When CFL players hang up their cleats for the last time, as the Toronto Argonauts' Adriano Belli and the Stampeders' Rob Lazeo did earlier this year, it often isn't a true retirement. The CFL's lower salaries often don't provide enough for players to just take it easy for life, and many have to work other jobs either during the offseasons or after their careers are done. However, as The Toronto Star's Chris Zelkovich explored Friday, that doesn't mean huge numbers of ex-CFLers are struggling financially. In fact, many of them have taken their gridiron experience and put it to good use in the business world, and Belli and Lazeo are attempting to follow that path.
As Zelkovich details, there are plenty of notable success stories out there, from the oil business run by former Stampeders Dave Sapunjis and Bob Viccars to former Hamilton Tiger-Cats' defensive lineman David Sauve's collection of 10 Tim Hortons' franchises and an investment company. Former Acadia Axemen and B.C. Lions quarterback Larry Jusdanis has found plenty of success with Sport Specific Training, and current Argonauts' linebacker Kevin Eiben just bought one of his franchises. Former Argonauts Jim Stillwagon, Blaine Schmidt and Bobby Taylor are involved in marketing, auto reconstruction and running a pub respectively, while former Lions Gerald Roper and Ian Sinclair run a Vancouver travel agency with 26 employees.
That's just scratching the surface, as there are tons of alumni and current players involved in almost every conceivable occupation, and it doesn't always depend on age. Some older players like the Saskatchewan Roughriders' Jason Clermont have long had their foot in the business market (as a realtor in Clermont's case), but they've been joined by some younger teammates; last year's top draft pick, Shomari Williams, started dipping his toes into the business market way back in 2007 with the Student Blitz recruiting services website, and launched recruiting database Top Prospects this year.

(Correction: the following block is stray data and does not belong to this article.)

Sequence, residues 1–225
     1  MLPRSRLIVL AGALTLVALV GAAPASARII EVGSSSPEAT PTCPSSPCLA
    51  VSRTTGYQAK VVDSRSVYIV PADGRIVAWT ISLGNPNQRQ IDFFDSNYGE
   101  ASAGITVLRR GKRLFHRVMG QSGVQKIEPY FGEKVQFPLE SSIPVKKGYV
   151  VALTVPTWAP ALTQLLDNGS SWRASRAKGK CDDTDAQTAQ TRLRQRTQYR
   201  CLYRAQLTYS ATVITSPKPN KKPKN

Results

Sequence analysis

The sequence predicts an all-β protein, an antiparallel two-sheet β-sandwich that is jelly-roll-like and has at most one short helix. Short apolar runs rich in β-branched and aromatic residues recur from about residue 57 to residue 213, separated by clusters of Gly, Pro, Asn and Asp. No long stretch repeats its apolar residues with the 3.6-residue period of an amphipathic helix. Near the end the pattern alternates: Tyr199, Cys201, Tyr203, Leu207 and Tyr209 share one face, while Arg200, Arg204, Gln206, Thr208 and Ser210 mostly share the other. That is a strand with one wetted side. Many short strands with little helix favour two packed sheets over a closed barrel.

Belli (seen above receiving a painting from Argos' head coach Jim Barker at his shipboard retirement press conference last week) told Zelkovich that the CFL's lower paycheques provide more motivation for players to think about life after football, and that can help them get off to a better post-football life than many in the NFL.
"When I was in the NFL, there were a lot of guys who came in with no thought as to what they'd do when they were finished," says the former Toronto Argonaut, who announced his retirement earlier this week. "The next thing you know, they're gone and they've got to reinvent themselves.
"In the CFL, you know the day you arrive that you have to get ready for the next step."
That next step has worked out very well for many CFL alumni. One of the largest-scale success stories is the Forzani Group, founded by former Stampeders players John, Joe and Tom Forzani and Bas Bark in 1974. They started with a single sports apparel store in Calgary and grew it into a massive nationwide chain of stores like Sports Experts, SportChek and Nevada Bob's Golf. John Forzani has remained connected to the Stampeders and became a part owner of the team in 2005, helping to turn around their fortunes both on and off the field in the process. Canadian Tire just bought the Forzani Group for $771 million, a substantially larger chunk of change than most CFL teams will ever see.
Belli and Lazeo are hoping to be the latest CFL alumni to find that kind of success off the gridiron. For Belli, the next step is going to be spending more time running the family business, Freshouse Foods, which has over 60 employees. Lazeo's going to be working at Gridiron Blasting with a pair of former Stampeders, Jeff Pilon and Jamie Crysdale. Both are leaving the field, but their competitive instincts haven't diminished, and that's what Belli said sets so many CFLers up for a solid business career after football.
"Business is competitive and we're competitive by nature," says Belli, whose Freshouse Foods company distributes deli meats and cheeses. "We know in football that if you don't compete, you don't have a job. It's the same when you're running your own business."